I'm deep into the "Why?" phase of my young's son life and I'm loving every minute of it. Every time he poses that magical question I learn either something about my own perspective on the world or something about the way we ask each other to follow made-up rules. Sometimes I learn both.
In many cases it's about my personal preferences; I'm imposing my own fears and beliefs onto my son and indirectly suggesting that he adopt them for himself. I tell him not to do such-and-such thing, like: Don't put glue on your hands. Don't crawl under that old log. Don't put avocado in your milk. He then responds with his earnest "Why?" and I'm left trying to explain why sticky is bad, why bugs are gross, and why certain flavors should never be mixed. That's when I start to feel ridiculous and a little bit ashamed. All I'm really saying is "I wouldn't do that" and assuming that because I wouldn't do it that he shouldn't either. There's no fundamental truth in it, so why am I perpetuating my own fears and limitations? I might be a purist who is afraid of spiders and who prefers clean hands, but that doesn't mean that my son has to be.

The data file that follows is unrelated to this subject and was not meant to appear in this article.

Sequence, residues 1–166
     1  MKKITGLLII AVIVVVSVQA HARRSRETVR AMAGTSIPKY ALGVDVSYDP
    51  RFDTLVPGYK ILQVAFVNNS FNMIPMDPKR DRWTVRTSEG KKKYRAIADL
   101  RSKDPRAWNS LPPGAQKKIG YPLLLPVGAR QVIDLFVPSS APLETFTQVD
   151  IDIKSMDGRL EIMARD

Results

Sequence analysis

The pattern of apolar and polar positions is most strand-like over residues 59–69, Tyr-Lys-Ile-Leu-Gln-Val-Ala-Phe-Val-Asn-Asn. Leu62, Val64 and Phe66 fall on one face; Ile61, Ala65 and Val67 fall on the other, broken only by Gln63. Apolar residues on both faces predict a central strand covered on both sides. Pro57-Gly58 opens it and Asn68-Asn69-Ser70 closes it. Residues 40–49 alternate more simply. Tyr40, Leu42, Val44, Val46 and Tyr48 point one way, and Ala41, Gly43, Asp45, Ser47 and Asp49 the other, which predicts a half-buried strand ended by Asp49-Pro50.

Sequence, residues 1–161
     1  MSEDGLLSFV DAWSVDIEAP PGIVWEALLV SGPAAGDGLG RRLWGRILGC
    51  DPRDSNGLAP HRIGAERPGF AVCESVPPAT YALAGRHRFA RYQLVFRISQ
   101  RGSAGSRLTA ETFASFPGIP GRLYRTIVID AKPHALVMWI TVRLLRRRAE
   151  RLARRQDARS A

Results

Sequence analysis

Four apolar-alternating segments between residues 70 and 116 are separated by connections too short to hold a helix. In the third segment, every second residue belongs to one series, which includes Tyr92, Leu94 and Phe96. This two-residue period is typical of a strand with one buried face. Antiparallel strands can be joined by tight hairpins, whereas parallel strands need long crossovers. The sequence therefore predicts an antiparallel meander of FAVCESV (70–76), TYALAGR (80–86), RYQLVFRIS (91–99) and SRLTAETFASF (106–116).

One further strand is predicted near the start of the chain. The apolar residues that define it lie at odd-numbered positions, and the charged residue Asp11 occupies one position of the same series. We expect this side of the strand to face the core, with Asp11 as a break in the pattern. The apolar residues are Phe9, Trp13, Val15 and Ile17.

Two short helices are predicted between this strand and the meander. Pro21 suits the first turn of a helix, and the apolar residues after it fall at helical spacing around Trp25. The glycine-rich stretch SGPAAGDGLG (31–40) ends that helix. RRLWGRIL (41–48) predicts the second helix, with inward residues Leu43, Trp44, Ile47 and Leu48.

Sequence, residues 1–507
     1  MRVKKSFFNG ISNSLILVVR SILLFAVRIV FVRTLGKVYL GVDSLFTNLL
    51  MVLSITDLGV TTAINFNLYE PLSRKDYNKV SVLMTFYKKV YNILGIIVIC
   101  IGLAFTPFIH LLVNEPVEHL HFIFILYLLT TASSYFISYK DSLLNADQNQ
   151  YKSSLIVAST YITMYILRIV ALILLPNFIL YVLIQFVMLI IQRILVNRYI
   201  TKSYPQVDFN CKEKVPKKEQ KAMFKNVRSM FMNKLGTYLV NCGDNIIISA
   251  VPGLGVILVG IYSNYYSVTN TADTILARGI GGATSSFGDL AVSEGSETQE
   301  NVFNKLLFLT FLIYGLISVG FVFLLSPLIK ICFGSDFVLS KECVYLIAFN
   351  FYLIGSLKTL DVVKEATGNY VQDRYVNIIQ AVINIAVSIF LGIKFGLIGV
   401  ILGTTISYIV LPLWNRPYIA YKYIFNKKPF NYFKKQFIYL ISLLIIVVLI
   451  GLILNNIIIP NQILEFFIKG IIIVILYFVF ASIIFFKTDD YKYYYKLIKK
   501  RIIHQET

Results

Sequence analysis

Other times I say things to him that I don't even believe myself, like "Don't shake your head too much, you'll get dizzy." I don't actually care at all or think that dizzy is bad, but the words just come out. Something inside arbitrarily declares, like an involuntary reflex: do this and don't do that. Fortunately my son poses his usual "Why?" to which, after a quick pause of reflection, I have no choice but to respond "I don't know, sorry. Keep shaking your head."
What I am realizing now is that we all have these voices inside that are making up rules and limitations every day, sometimes for our children and sometimes for ourselves. There's a part of us that always wants to govern the moment, even when it's simple. We make up rules; we let past experiences restrict new ones; we forget to revisit and revise the boundaries that we had previously set on our lives. As a parent it's easy to remember that you want your child to craft their own path and their own preferences; it's much harder to remember that you want the same for yourself and that to do so means to be free from all the old rules that you made up.
There's a natural freedom in admitting that we don't know why an octopus has eight legs instead of ten. The unexpected freedom is that of asking "Why wouldn't I do that?" and "Why isn't that okay?" before putting up arbitrary obstacles that stunt the way both my son and I can grow. We could all use a steady dose of "Why?"; I'm all in. Are you?